By Mark Powell
Joining Forces to Offer Hope
Like many states, Oregon is a patchwork quilt of big cities, small towns, and wide rural expanses. And like many other states, its rural regions haven’t been spared from the opioid crisis.
“This is a complex issue with complex roots that requires complex solutions,” says OR – HOPE (Oregon HIV/Hepatitis Opioid Prevention and Engagement) principal investigator Todd Korthuis.
Oregon is one of eight states to receive funding through a national rural opioids initiative. The group has identified the state’s highest need rural counties, whose overdose and HIV rates equal and exceed rates in Portland, the biggest metropolitan area.
Oregon is a large state with a large rural population. “Many of the counties look a lot like Appalachia,” Korthuis says.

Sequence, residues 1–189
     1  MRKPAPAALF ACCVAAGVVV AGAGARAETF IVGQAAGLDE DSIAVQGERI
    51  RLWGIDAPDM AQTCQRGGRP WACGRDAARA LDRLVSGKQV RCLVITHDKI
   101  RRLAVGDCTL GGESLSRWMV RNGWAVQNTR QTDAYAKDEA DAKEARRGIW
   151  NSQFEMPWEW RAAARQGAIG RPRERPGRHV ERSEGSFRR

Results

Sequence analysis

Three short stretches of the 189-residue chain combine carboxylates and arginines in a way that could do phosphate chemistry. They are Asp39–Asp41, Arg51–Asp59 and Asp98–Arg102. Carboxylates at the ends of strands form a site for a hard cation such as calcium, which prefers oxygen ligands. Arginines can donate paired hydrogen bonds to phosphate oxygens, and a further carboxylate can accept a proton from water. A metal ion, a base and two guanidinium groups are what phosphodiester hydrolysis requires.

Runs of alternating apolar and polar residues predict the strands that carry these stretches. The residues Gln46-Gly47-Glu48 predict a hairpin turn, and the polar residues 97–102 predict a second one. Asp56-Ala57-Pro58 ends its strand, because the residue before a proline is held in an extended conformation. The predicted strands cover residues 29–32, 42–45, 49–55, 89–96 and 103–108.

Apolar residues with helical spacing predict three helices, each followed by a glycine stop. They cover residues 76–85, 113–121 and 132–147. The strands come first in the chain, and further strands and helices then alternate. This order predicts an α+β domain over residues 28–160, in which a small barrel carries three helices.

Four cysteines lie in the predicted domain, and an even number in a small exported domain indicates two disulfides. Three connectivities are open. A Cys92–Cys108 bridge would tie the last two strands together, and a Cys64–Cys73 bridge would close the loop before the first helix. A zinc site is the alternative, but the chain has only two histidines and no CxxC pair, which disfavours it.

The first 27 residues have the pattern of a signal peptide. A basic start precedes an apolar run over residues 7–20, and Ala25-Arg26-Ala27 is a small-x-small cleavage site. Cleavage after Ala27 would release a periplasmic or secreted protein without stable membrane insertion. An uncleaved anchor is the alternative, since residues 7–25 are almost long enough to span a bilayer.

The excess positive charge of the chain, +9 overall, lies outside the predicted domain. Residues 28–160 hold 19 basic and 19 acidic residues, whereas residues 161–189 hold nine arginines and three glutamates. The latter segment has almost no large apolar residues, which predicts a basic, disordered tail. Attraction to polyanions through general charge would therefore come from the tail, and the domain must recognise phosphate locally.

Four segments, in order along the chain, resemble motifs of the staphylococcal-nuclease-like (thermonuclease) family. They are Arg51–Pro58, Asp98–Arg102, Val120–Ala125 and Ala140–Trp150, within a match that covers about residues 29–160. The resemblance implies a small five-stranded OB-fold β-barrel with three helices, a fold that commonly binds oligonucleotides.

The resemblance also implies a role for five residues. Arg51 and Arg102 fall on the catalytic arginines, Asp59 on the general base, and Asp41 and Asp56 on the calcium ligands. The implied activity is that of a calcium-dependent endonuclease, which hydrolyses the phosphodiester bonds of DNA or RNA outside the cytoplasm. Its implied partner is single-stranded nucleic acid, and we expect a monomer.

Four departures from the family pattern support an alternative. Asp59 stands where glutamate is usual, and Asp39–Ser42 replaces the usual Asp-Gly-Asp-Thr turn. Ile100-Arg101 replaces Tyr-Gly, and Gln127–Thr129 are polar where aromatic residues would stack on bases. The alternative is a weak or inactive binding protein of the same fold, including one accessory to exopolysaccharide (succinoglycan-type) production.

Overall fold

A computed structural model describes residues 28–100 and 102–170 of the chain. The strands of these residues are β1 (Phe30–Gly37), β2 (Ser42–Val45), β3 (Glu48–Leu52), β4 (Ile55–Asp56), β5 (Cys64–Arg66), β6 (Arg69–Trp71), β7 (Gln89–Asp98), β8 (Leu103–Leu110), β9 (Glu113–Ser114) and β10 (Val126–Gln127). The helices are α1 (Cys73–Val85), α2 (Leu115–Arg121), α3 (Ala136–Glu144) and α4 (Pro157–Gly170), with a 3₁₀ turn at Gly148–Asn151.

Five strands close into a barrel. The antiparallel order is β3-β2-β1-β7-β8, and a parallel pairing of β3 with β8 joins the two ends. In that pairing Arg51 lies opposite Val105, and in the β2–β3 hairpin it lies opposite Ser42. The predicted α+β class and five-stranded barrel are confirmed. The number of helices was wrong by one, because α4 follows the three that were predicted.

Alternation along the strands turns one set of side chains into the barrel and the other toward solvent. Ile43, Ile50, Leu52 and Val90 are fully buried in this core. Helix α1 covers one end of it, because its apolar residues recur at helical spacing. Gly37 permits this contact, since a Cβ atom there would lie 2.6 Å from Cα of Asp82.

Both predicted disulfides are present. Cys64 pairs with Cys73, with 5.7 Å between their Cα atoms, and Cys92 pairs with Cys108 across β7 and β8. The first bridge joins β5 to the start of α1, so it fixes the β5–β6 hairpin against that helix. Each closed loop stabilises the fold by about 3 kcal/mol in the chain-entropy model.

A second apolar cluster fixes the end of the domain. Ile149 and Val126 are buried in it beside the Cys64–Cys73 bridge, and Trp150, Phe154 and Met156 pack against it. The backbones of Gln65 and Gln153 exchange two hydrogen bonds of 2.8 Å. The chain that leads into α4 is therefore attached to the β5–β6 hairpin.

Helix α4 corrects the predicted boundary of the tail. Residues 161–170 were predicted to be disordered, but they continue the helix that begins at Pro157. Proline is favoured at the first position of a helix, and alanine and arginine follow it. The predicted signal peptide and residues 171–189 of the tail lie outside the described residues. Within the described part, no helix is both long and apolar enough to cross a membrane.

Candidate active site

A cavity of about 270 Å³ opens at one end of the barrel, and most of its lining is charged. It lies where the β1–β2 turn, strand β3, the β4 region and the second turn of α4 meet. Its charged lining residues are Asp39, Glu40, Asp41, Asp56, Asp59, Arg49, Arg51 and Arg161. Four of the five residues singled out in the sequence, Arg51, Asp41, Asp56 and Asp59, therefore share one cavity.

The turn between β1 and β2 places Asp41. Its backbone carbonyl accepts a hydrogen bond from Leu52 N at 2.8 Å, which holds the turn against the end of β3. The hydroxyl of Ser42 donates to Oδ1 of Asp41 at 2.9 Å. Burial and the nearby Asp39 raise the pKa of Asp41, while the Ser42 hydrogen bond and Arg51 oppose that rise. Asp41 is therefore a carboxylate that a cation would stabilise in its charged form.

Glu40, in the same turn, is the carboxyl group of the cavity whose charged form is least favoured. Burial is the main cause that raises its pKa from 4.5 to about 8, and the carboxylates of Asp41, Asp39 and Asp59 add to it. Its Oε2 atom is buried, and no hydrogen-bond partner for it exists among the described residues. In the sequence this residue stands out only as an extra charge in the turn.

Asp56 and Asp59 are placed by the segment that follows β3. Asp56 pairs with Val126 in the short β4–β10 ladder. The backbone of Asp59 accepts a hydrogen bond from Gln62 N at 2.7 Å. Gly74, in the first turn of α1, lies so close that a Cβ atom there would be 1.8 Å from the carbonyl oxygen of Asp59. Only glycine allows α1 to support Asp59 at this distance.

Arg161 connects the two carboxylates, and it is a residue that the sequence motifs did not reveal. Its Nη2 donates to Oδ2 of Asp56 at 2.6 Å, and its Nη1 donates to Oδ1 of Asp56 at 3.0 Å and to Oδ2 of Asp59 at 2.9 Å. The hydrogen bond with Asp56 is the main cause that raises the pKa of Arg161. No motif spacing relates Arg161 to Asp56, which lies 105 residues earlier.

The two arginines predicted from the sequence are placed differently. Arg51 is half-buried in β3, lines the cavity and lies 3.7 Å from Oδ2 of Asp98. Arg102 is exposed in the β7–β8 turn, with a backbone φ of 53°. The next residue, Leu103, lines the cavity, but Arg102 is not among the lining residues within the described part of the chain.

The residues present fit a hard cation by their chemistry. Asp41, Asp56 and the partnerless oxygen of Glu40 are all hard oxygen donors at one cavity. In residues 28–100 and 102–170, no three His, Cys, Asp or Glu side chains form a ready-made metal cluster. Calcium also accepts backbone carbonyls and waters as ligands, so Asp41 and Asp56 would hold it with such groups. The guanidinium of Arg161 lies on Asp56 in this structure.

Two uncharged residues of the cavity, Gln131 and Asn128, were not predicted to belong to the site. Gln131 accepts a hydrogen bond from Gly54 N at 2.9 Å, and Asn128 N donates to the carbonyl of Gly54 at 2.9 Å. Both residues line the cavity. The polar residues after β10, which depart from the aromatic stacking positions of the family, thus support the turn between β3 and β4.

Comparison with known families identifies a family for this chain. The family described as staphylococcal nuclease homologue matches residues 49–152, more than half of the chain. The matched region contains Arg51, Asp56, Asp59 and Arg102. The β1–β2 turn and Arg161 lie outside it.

“Screening, treatment, and harm reduction services for opioid use disorder and HCV/HIV are scarcer than in urban areas. With the largest state-level increase in opioid-associated inpatient stays in the nation, and a substantial and diverse rural population, Oregon offers an optimal setting for implementing and testing new community response models for detecting and linking care for HCV and substance use disorder.”
OR-HOPE is a research study conducted through a partnership between Oregon Health & Science University, the Oregon Health Authority, Comagine, and HIV Alliance. The study’s aims include developing community programs to increase HCV/HIV testing and linkage to treatment; developing and evaluating rural community response plans that include peer care coordinators that link people to harm reduction and treatment services; and a peer-facilitated